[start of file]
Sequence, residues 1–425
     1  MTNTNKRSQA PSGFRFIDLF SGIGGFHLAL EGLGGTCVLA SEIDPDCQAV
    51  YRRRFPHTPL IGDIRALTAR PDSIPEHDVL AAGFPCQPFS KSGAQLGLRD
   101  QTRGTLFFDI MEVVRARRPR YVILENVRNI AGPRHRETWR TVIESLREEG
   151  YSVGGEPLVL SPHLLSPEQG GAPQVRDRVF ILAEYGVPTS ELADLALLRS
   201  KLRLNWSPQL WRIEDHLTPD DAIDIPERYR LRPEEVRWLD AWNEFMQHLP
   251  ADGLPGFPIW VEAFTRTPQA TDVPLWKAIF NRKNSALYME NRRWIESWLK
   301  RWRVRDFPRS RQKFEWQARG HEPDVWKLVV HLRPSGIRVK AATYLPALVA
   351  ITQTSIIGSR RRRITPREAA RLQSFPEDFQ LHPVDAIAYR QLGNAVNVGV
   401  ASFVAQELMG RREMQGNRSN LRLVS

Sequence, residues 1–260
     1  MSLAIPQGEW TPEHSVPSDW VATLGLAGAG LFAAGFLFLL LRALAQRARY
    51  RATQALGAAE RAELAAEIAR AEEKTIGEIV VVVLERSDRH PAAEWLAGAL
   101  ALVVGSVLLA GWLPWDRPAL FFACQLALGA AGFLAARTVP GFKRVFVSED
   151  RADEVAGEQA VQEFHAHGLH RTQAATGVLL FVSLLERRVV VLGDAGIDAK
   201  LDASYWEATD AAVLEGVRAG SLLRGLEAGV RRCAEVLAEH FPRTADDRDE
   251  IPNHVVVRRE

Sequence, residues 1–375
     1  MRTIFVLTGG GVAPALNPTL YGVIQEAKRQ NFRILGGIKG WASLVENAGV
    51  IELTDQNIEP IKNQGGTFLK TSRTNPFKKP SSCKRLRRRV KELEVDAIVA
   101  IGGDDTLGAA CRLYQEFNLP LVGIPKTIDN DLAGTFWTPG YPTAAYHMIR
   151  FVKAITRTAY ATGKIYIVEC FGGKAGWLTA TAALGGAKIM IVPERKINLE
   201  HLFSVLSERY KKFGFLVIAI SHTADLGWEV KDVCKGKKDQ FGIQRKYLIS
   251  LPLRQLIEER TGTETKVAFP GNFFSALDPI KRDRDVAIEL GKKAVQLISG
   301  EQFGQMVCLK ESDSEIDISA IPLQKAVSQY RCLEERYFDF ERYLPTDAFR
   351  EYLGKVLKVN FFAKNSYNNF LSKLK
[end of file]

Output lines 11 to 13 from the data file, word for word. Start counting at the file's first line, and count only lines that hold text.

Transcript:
Sequence, residues 1–260
     1  MSLAIPQGEW TPEHSVPSDW VATLGLAGAG LFAAGFLFLL LRALAQRARY
    51  RATQALGAAE RAELAAEIAR AEEKTIGEIV VVVLERSDRH PAAEWLAGAL